With the huge increase in growing forage maize to feed anaerobic digesters, especially in the arable areas of Eastern England, it seems appropriate to consider the harvested offtakes of phosphate and, especially, the high amounts of potash removed.
Standard values for phosphate and potash offtakes show that harvesting maize for silage, with an average yield of 40 t/ha, removes about 56 kg P2O5/ha and 176 kg K2O/ha. As always, higher yields remove more, so 50 t/ha, which is often achieved, will remove about 70kg P2O5/ha and 220kg K2O/ha.
To maintain soil indices these amounts must be returned to the field through applications of organic manures or fertilisers, and because they are large amounts, they should be applied for each maize crop grown.
While it is “normal practice” that digestate is applied to the fields supplying the AD plant, the quantities of digestate applied need to be checked to ensure the crop offtakes are adequately replaced on a field by field basis.
Individual lab analyses for the nutrient content of digestate are usually supplied to the farm. However, using typical values, 55 cu m/ha of whole digestate is needed to replace the potash offtake in a 50 t/ha crop of maize. Where less digestate is applied, PK fertilisers will need to be applied to make up the shortfall.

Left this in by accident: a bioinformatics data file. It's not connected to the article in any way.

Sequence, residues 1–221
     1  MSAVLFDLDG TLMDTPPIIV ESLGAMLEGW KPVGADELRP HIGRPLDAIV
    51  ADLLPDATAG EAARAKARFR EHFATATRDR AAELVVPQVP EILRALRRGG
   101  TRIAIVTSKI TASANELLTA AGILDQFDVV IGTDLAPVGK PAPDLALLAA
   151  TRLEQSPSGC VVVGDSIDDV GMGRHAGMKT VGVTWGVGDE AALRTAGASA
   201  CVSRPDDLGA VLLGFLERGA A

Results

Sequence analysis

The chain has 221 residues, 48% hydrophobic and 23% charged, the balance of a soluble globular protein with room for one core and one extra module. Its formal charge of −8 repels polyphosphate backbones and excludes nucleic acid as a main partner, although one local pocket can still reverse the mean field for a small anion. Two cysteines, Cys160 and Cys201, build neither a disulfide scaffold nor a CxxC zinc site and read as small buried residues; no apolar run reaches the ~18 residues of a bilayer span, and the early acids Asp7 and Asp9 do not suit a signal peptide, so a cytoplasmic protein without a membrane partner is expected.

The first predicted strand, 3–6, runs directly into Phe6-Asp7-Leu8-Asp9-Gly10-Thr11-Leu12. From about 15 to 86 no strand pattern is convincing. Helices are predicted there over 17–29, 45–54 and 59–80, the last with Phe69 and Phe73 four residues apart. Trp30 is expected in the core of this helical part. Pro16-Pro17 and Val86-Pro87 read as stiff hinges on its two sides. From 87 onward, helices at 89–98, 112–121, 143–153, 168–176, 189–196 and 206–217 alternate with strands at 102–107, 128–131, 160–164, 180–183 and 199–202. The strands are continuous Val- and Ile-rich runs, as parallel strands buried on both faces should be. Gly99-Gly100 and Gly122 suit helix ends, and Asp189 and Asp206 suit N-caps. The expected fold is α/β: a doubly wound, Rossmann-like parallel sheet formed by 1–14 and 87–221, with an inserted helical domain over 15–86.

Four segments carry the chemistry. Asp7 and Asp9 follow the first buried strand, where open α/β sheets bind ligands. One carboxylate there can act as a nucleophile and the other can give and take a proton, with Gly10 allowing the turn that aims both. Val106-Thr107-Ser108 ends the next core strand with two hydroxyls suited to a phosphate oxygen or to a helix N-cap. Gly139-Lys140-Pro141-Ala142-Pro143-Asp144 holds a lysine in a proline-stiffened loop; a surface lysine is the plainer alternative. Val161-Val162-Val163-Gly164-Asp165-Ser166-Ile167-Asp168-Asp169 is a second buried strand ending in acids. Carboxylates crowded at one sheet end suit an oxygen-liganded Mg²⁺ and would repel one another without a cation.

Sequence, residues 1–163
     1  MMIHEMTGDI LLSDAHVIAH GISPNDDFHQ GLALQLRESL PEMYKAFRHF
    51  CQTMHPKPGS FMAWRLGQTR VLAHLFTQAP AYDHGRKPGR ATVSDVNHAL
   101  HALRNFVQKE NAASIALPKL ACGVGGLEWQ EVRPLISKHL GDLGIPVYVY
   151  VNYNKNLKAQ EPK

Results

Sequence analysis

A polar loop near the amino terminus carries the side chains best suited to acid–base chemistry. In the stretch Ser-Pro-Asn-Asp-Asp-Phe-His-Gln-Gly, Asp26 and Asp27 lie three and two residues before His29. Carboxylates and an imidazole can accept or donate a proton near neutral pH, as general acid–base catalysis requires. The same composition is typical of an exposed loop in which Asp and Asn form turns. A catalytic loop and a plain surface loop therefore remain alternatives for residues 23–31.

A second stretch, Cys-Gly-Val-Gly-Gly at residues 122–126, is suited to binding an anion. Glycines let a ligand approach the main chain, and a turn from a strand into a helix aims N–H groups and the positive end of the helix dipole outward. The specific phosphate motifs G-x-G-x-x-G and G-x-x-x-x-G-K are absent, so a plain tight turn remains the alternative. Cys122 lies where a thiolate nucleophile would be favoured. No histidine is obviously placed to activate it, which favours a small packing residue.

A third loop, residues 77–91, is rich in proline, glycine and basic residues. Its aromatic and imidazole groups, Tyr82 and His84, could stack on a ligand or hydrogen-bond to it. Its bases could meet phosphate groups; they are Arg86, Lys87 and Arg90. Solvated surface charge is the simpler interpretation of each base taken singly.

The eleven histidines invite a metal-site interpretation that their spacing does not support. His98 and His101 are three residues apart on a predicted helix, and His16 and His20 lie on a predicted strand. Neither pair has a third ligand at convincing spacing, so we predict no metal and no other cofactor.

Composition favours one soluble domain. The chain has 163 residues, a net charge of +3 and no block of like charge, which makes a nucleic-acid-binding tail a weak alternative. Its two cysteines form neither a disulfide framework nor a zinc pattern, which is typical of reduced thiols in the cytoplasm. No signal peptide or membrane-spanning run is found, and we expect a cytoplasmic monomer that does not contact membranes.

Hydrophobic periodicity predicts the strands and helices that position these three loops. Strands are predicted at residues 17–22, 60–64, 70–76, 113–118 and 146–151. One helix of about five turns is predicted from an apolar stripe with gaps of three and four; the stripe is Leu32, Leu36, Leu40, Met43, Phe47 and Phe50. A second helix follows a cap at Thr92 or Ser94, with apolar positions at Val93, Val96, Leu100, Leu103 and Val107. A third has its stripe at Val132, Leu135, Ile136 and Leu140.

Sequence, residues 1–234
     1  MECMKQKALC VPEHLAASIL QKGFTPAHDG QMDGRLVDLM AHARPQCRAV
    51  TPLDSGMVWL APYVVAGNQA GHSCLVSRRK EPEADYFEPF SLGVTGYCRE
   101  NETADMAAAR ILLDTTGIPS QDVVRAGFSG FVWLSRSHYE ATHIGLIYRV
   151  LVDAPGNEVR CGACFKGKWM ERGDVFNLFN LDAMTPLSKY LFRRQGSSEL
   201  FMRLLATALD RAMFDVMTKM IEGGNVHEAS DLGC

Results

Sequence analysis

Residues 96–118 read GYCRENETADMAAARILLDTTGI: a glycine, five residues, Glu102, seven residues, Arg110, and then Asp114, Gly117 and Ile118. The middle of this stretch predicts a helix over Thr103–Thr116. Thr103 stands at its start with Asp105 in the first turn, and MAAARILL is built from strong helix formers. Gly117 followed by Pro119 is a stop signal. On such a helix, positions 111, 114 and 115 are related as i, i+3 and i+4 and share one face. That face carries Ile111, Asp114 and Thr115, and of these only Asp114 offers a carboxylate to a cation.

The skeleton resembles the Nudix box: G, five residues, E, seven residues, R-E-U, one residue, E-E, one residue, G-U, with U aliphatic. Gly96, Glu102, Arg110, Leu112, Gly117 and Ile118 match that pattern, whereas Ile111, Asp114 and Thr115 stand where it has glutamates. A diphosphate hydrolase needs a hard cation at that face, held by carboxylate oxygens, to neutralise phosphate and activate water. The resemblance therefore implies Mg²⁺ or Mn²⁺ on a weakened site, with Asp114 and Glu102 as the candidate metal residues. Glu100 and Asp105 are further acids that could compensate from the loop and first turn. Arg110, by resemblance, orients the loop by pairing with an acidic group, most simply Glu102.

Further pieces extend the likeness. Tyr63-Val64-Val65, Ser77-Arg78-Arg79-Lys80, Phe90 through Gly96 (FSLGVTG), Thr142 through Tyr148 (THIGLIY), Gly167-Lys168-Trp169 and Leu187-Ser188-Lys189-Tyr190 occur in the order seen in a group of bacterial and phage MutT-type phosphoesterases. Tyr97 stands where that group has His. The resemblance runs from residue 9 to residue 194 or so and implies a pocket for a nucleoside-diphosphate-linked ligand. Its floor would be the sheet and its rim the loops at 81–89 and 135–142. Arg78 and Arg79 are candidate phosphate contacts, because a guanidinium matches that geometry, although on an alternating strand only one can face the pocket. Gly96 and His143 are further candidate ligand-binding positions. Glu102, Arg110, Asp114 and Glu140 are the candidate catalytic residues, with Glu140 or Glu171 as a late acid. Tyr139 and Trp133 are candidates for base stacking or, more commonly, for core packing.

The big emphasis put on maintaining target index for K (index 2-), when growing maize, is due to the huge peak uptake of potash by the crop during its growing period. The peak could be 360 kg K2O/ha in August, so it needs to be able to access this large amount from the soil, even though by harvest time some will have been returned to the stubble and soil as the crop ripens and dies off.
There is a modern trend for maize to be harvested earlier than traditionally, especially for AD plants and where soil erosion is a risk. In these cases the greener crop will remove much higher levels of potash than the standard figures (see above) imply.
For phosphate the crop uptake is much lower, and the most important point is to get enough applied when planting the crop, to get good root establishment.